Why? Well, eager as it may seem to connect with someone’s digital presence, our brain hasn’t evolved to do that. Human interpersonal communication, which leads to empathy and emotional connections, is an exquisitely complex process, involving a rich variety of data. The words we say are just one small part of it. Our tone, inflection, facial expression, stance, gestures, posture, movements, all of these and more play vital roles in how we interact, and connect, with others.
Unfortunately, even the best technology can’t convey the full suite of information that our brains have evolved to expect from real world interactions. A Zoom call only captures a part of what who we’re talking to is actually conveying; you can only do so much from a 2D screen, where you’re invisible from the chest down.
Perhaps this is one aspect where the low effort and low risk of social media works against it; we’re always more invested in the things we work hard for.
So, can social media make us less lonely, or what?
According to the data we have, the relationships we form via social media can easily be meaningful, but they’re unlikely to be as meaningful as the closest friendships we form in the real world. And those are often most effective in preventing loneliness.
Some draw a distinction between social loneliness (a lack of general contact with others), and emotional loneliness (lacking supportive emotional relationships no matter how many people you engage with. The latter can explain why big celebrities often feel sad and alone; if the people they’re constantly surrounded by are all staff, yes-men, and hangers-on, there won’t be any real emotional connection with them. And so, loneliness creeps in, even though you’re at the centre of a crowd.
This may explain why social media, where you’re immersed in a sea of people but with few potent emotional links to them, has limited ability to prevent loneliness. But then, ‘limited’ is not the same as ‘none’. Social media was all we had during lockdown, and evidence suggests it provided a useful stopgap for staving off loneliness. But interacting with others exclusively via social media is seemingly not enough for our brains, in the long term.
Maybe it’s like a diet of vitamin pills and protein powders; you can persist on this for a while, and it’s not ‘wrong’ per se, but that’s not what our digestive systems have evolved to do, and it won’t be happy about the situation.
However, in reality, the impact social media use has on loneliness (and therefore mental health) is complex and variable. Some studies suggest visual Instagram is much better than text-based Twitter for staving off loneliness, presumably because photos give our brains more to work with than words. But then, the ability of Twitter to fuel influential emotional connections can’t be ignored.
Some studies show that teens who reduce their social media use actually feel less lonely, and happier. Other studies suggest the opposite. And some say it has little to no impact at all. Surely they can’t all be right?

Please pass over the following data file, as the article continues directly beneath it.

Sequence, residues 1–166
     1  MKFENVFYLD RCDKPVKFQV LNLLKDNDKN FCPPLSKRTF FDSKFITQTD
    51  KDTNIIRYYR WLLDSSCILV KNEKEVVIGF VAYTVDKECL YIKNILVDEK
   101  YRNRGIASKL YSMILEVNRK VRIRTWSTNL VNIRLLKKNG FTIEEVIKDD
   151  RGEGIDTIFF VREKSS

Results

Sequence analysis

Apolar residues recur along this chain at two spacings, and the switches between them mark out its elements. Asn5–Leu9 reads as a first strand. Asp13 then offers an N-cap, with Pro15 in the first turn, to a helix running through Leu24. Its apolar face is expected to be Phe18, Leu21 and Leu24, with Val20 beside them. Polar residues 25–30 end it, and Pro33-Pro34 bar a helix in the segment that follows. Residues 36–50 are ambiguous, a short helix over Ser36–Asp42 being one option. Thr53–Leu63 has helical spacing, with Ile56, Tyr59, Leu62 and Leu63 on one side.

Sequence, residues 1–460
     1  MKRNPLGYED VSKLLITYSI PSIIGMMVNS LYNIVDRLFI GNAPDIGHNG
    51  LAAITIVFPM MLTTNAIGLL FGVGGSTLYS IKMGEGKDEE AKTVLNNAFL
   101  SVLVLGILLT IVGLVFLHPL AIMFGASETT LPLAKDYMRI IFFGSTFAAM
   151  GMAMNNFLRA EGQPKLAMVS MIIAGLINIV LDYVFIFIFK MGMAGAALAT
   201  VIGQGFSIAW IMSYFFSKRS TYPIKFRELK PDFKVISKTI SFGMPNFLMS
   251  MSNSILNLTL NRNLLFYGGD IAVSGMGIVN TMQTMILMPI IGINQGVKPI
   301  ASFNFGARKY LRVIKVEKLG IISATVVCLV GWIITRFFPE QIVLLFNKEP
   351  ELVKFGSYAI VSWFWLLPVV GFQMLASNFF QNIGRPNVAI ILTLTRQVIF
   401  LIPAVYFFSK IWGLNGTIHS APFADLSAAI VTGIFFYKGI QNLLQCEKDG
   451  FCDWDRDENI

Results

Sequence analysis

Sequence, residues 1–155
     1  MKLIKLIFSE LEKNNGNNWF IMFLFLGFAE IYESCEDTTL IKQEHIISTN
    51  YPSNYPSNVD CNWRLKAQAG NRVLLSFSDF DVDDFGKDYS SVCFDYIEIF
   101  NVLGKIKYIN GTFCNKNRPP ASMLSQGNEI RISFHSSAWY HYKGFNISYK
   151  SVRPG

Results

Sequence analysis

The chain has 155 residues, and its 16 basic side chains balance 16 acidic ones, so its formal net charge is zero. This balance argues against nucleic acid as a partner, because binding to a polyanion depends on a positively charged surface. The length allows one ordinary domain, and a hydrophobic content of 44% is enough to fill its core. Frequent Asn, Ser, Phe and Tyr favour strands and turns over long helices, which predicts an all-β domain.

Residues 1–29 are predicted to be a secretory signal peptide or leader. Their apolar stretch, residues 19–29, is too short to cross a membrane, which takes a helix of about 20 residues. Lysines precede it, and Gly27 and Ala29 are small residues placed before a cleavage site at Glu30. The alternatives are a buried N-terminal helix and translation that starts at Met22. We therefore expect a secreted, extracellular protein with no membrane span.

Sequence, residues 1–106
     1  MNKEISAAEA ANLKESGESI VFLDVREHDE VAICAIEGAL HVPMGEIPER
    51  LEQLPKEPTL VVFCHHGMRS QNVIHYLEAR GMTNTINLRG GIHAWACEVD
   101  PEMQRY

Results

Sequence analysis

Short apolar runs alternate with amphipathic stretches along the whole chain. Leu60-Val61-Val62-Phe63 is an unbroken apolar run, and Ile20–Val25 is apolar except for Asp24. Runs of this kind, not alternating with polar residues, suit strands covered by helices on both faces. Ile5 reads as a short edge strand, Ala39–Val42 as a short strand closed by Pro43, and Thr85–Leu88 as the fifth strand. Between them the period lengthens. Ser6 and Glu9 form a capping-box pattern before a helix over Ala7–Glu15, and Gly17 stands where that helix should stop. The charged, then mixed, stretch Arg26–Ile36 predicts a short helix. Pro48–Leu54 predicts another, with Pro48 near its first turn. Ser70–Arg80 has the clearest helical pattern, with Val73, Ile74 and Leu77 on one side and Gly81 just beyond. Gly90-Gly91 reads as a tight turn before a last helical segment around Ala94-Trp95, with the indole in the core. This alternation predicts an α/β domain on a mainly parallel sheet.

Except perhaps they can. Because it seems it often comes down to who is using social media, and how, and on what platform. Passively observing other people’s output without contributing anything can make you feel even more lonely, as you become hyper-aware of just how many people there are who aren’t engaging with you. But if you actively put stuff out there, and people respond, you feel connected, and appreciated.
Even age is a factor; research suggests social media use often affects loneliness in adolescents, but much less so in older people. This makes a certain sense; younger people have grown up communicating with others via social media, whereas for older people it’snew and unfamiliar. Their brains don’t grasp it as well as younger people’s, so the odds of forming helpful emotional connections are further reduced.
Basically, the relationships we form on social media can be meaningful and rewarding and allow us to feel less lonely, but it depends on how much you’re willing and able to invest in them. In this, at least, they’re just like the real-world sort.
For more insights into the fundamental science of mental health, check out Dean Burnett’s latest book, Psycho-Logical. Or if you want to know more about how social media impacts on mental health, try Why Your Parents Are Driving You Up the Wall And What To Do About It. Signed copies of all Dean’s books are on sale right now at the Shambles Shop.
Dr Dean Burnett is a neuroscientist and best selling author of such books as The Idiot Brain and The Happy Brain. His former column Brain Flapping for The Guardian (now Brain Yapping here on the CSN) was the most popular blog on their platform with millions of readers worldwide. He is a former tutor and lecturer for the Cardiff University Centre for Medical Education and is currently an honorary research associate at Cardiff Psychology School and Visiting Industry Fellow at Birmingham City University. He is @garwboy on Twitter.